KIBBUTZ EIN GEDI BOTANICAL GARDEN
Marina Rybka, Israel
Israel is a blessed country, where excellent natural environments exist for cacti and other plants fond of the sun all the year round. There are some botanical gardens in Israel, and one of them is in the kibbutz Ein Gedy on the coast of the Dead Sea.
On a wild and desert coast of the Dead Sea people built up a small oasis, famous not only for its common palms and olive-trees, but mainly for its rare species of plants, many of which you won’t encounter even in botanical gardens of the capital. One part of the garden is occupied by the apartment houses of kibbutz Ein Gedy, another – by a hotel. All residents of the kibbutz are employed in the tourist business. There are some places of interest for tourists nearby, e.g. Ein Gedi National Park with pedestrian routes. The Park is very large and you’ll need more than a day to see all its charms. Therefore it is convenient to reserve a room in the hotel.
The road to this place descends from scorched by the sun bizarre hills of Judean desert and drops to a mark 400 meters below the sea-level, then it stretches along the burning hot coast of the Dead Sea. One side of the road is bordered by the mountains resembling huge dumps of building waste. Another side of the road extends along the smooth radiant mirror of salt water of incredible turquoise. In some places you can come across absolutely Martian landscapes where the water had receded and uncovered the cracked sea floor with fancy multi-coloured glades and pools of fanciful chemical matter.
Photo 2. The road along the Dead Sea.
Photo 3. Nahal Arugot is below under the settlement
Photo 4. Judean mountains are above us
Photo 5. Majestic cactus as a sentry: only the blue sea and deep-blue mountains already on the Jordanian coast are behind it
When you begin feeling like a properly salted and smoked shrimp even in the air-conditioned car, weighed down by a hot atmospheric column, and realize your own insignificance on this lifeless prehistoric frying pan, when you already come to the conclusion that life is totally impossible on this strange inhospitable planet, then suddenly you notice in the distance a green strip as if flowing from the mountains to the sea.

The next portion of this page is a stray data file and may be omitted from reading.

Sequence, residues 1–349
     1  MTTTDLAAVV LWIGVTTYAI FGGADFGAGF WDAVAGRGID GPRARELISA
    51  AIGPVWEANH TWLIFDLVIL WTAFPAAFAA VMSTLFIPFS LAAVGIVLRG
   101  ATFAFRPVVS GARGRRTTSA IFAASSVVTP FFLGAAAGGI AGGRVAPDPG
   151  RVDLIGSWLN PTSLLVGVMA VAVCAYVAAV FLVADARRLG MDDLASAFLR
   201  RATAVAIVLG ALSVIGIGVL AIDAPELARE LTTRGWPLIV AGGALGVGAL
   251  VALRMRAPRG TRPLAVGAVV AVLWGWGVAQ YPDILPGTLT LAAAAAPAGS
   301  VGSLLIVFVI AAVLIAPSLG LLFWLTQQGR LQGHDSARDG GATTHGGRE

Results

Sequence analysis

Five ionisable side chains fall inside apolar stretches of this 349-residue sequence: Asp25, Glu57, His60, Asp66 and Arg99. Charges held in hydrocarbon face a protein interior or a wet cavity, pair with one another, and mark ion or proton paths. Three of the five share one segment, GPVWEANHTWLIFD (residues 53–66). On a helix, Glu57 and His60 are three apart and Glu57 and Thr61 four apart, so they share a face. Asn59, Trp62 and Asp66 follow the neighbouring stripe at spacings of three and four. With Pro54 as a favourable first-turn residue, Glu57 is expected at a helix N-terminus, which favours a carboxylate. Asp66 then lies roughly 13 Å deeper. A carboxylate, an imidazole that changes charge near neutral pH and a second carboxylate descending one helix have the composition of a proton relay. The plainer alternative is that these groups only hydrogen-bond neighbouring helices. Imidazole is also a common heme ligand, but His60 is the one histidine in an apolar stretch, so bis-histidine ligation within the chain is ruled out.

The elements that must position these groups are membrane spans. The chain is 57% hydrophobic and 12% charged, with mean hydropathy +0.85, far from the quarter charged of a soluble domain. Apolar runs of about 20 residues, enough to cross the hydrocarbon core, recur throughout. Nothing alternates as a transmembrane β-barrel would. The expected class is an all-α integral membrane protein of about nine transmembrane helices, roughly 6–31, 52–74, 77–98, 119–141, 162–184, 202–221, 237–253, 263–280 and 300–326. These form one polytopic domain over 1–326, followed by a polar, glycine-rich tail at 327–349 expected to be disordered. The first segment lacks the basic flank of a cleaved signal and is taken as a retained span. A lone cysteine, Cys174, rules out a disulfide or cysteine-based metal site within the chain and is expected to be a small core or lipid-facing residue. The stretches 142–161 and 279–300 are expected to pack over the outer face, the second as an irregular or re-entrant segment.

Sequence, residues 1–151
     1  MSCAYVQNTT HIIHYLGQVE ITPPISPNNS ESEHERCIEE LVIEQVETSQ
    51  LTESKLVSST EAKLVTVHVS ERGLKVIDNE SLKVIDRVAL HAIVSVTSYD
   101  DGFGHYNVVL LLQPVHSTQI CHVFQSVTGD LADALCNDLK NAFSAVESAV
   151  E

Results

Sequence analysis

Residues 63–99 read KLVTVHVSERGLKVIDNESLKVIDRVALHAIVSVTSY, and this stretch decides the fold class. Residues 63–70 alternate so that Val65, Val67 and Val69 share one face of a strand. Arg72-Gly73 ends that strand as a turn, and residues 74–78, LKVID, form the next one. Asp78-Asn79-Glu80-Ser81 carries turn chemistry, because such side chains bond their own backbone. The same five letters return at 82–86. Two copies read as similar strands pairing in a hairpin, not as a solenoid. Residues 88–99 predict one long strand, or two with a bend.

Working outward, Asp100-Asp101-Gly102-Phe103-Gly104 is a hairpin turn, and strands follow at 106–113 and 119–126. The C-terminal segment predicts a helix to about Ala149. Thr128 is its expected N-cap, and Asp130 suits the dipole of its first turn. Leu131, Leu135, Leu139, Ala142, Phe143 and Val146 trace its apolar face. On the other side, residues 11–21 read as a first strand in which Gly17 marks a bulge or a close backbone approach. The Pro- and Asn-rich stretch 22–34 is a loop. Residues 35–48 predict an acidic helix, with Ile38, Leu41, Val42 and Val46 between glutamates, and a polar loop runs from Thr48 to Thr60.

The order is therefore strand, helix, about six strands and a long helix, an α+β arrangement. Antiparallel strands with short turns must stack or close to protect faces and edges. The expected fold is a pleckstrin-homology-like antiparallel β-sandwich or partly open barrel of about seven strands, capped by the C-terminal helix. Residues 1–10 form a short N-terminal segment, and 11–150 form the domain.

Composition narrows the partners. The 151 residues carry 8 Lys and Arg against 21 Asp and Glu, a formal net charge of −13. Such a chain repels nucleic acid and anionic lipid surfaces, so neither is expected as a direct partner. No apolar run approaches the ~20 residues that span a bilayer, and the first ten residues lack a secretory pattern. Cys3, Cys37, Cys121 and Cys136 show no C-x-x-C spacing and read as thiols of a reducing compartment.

The mountains here no longer resemble the scattered heaps of clay and crushed stone, as in the beginning of the road. They can be compared rather to the finely made scenery for an ancient play - not very high, squat and sound of warm terracotta colour. The green strip flows down in reality: the life here is possible only along numerous brooks draining from the mountains to the sea. Most of them exist only in the rainy seasons, then they transform into dry channels ("nahal" in Hebrew). But the rivers in Ein Gedi are genuine.
The river in Nahal David has even four real waterfalls with natural basins, where it is possible to bathe. The shores of the river are fringed with narrow band of lush vegetation and abundant in fauna - lizards, hyrax, hyenas and even leopards. The adjacent gorge is called Nahal Arugot, with a smaller river. A flat plateau at the bottom of the slope is occupied by the kibbutz Ein Gedi with its botanical garden.
Photo 11. The huge collection of cacti is enclosed in a separate section, the excursions are on Fridays and Saturdays only. I wasn’t lucky…
Photo 12. Fabulous scent of Gardenia volkensii. In the afternoon the white and yellowish flowers are lost in the bright-green foliage, but in the darkness they become apparent all of a sudden…
Photo 13. Ficus bengalensis feels excellently, as though we are in the jungles not in the desert…